The Vinyl Myth and Other RIAA Data Analysis Errors

US Revenues 2015 - RIAA DataI am a music fan. I both purchased vinyl albums as gifts last year and received a few. I think it’s great that vinyl records are making a comeback and I can share the experience of that format with my daughter – and now when I say “record album” a good number of people born after 1980 know what I mean. It is also good that this is providing a new or renewed revenue source for artists and grew 32% last year. However, RIAA leadership is once again mis-reading the organization’s own data to suggest that vinyl is a better revenue generator than ad-supported streaming. Vinyl actually accounts for about one-third the level of ad-supported streaming and about one-sixth of streaming revenue overall.

The big money for music rights holders today is in digital. RIAA data suggests that 70% of industry revenue in 2015 was from digital with 30% coming from physical sales. Why the RIAA ignores synchronization fees in this calculation is unclear. They represent 3% of total sales and at $203 million seem relevant. Regardless, even at 68% of revenue means digital is important. Of the total industry revenue, streaming music made up the single biggest category at 34.3% and $2.4 billion. RIAA concludes that reflected a 29% rise over 2014. Vinyl albums also had a good year growing 32% to $416 million. The other half of digital comes from downloaded music. It didn’t do as well, recording a 9.8% decline.

Overall, industry revenue rose about 1% driven largely by streaming, both subscription and on-demand. In fact, streaming grew quickly enough to more than offset 10-11% declines in both the digital download and physical sales segments. All industries want to grow fast, but it is fair to say that music is a mature industry. The source of revenue is changing quickly as consumers adopt streaming, but the industry overall is flat. Last year, the IFPI reported a similar situation on a global music sales that were 0.4% less than the previous year. Supply and demand appear to be in balance.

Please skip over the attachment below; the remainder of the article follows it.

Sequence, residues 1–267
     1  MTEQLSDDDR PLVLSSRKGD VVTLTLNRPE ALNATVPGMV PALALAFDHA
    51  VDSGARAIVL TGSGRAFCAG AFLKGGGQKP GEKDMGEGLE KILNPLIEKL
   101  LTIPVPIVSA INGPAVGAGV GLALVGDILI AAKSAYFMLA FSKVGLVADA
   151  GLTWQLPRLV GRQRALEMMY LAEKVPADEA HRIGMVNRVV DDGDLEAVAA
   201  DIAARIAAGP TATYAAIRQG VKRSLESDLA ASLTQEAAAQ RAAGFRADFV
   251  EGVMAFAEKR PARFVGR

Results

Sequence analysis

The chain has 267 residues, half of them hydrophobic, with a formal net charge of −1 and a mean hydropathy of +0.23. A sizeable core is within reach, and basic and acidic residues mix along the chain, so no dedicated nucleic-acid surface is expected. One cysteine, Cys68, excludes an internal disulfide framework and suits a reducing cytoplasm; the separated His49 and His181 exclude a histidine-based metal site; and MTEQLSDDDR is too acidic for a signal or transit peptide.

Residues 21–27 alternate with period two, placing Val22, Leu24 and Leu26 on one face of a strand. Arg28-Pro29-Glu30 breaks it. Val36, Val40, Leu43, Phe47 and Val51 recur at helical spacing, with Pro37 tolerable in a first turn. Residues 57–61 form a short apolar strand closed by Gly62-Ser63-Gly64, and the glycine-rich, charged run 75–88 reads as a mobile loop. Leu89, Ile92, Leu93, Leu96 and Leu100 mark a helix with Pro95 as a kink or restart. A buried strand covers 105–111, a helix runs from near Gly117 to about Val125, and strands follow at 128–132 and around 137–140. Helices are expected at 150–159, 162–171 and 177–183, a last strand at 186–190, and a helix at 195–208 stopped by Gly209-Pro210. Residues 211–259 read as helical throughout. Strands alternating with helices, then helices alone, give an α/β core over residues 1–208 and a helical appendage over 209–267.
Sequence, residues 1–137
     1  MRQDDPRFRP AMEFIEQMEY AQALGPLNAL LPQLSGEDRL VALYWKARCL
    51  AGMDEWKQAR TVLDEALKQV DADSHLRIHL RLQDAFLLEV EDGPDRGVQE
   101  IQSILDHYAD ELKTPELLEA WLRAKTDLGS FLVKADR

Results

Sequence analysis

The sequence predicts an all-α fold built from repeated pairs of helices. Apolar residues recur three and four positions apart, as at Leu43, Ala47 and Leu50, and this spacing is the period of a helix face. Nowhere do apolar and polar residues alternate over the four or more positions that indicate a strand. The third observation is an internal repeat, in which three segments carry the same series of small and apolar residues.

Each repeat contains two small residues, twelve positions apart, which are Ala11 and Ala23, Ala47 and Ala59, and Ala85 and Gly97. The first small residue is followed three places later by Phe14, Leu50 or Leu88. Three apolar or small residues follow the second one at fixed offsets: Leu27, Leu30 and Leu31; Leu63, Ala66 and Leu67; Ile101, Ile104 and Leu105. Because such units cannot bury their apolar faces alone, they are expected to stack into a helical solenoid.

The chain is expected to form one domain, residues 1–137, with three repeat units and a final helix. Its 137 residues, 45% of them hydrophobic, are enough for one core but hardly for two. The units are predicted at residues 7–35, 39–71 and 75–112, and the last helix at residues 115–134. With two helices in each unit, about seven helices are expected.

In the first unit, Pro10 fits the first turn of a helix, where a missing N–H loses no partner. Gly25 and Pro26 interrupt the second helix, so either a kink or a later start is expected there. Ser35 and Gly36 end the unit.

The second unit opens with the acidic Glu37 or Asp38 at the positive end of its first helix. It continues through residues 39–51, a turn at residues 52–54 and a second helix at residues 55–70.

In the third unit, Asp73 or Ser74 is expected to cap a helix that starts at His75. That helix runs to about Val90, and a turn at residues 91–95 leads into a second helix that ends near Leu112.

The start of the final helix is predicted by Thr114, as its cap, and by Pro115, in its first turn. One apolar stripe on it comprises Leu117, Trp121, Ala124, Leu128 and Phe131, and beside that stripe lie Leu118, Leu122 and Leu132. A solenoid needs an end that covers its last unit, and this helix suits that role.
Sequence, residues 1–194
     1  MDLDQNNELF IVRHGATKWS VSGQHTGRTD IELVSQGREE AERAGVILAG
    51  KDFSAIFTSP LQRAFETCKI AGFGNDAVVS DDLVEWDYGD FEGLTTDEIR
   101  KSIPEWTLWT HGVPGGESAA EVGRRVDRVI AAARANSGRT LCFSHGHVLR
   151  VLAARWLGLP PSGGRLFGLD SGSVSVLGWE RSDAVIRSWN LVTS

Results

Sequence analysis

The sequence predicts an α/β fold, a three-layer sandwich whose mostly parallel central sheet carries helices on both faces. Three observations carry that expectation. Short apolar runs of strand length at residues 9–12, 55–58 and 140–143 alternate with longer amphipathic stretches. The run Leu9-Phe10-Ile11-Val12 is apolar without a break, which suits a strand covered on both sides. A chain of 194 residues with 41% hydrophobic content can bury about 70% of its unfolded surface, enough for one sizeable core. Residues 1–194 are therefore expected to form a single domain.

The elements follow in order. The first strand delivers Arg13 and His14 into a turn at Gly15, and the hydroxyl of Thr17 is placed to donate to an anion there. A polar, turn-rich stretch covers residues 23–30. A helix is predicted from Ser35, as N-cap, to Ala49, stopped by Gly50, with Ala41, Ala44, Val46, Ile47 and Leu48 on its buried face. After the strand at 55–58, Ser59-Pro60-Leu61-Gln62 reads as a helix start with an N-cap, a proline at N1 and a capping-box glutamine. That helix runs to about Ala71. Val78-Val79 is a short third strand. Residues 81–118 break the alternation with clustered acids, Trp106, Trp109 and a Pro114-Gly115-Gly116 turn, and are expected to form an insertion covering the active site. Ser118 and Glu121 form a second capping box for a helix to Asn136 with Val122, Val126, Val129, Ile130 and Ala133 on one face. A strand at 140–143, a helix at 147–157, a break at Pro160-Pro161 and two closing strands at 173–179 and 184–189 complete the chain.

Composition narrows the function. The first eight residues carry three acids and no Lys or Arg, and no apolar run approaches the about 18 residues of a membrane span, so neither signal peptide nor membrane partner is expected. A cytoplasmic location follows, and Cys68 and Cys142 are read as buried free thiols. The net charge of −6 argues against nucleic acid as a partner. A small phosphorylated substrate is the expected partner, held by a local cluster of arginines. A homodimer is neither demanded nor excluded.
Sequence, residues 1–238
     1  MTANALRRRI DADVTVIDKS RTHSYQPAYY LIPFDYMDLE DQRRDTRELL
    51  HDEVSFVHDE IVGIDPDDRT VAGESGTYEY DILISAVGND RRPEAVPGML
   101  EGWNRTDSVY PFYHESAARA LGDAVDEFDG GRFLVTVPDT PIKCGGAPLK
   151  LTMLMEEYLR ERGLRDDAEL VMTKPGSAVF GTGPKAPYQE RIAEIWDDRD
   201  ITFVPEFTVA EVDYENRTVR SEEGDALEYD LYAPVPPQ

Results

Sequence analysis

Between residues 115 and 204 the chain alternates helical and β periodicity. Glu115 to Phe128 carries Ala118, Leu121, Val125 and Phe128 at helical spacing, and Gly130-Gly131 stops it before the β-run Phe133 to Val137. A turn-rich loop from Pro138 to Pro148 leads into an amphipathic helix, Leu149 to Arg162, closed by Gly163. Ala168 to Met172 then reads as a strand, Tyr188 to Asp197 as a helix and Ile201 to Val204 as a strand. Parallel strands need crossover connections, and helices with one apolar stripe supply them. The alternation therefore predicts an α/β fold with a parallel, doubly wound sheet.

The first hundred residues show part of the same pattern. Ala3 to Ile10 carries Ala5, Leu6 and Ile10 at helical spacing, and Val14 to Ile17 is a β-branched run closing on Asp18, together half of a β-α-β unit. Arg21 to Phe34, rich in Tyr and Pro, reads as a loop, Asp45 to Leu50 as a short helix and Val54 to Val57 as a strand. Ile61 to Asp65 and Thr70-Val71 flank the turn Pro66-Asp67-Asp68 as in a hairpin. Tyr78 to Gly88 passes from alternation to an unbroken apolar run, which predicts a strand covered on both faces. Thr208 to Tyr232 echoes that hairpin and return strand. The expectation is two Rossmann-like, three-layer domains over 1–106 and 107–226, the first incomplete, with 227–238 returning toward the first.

Using Vinyl as a Rhetorical Club

It is perplexing how the RIAA CEO made the same mistake two years in a row interpreting these results. Willful ignorance or an intentional spin from a long-time lobbyist with an agenda? You make the call. In a Medium post, he claims that Vinyl brought in more industry revenue than ad-supported streaming services. This is factually incorrect.

RIAA breaks down streaming into three categories. Paid Subscription revenue is from streaming services that distribute a percentage of their subscription revenue to music rights holders through directly negotiated agreements. SoundExchange Distributions represent revenue that streaming services paid to music rights holders based on a government rate structure for each song play. The more song plays, the more revenue for the rights holders. The audio publishers that utilize this agreement derive their revenue almost entirely from advertising. The final category is On-Demand Ad-Supported. This category generates revenue from advertising and pays music rights holders a negotiated percentage of all revenue (often 70% or more) similar to subscription agreements.
US Streaming Music Revenues - RIAA Data
Based on the definitions above, it is clear that one revenue category is from consumer subscriptions and two generate income through advertising. The ad-supported revenue categories generated $1.2 billion in 2015 for music rights holders. This is nearly three times more than the $416 million from vinyl sales. And yet, the Medium article ignores $800 million in ad-supported SoundExchange revenue suggesting that Vinyl generated more revenue than the $385 million from On-demand Ad-Supported. The implication is that advertising models don’t generate enough revenue if vinyl can out-produce them. The fact is that any category can be larger than a subset of another larger category. It is simply a matter of how you slice the data. That is what was done here.
Proportion of Total US Music Revenues from Streaming - RIAA Data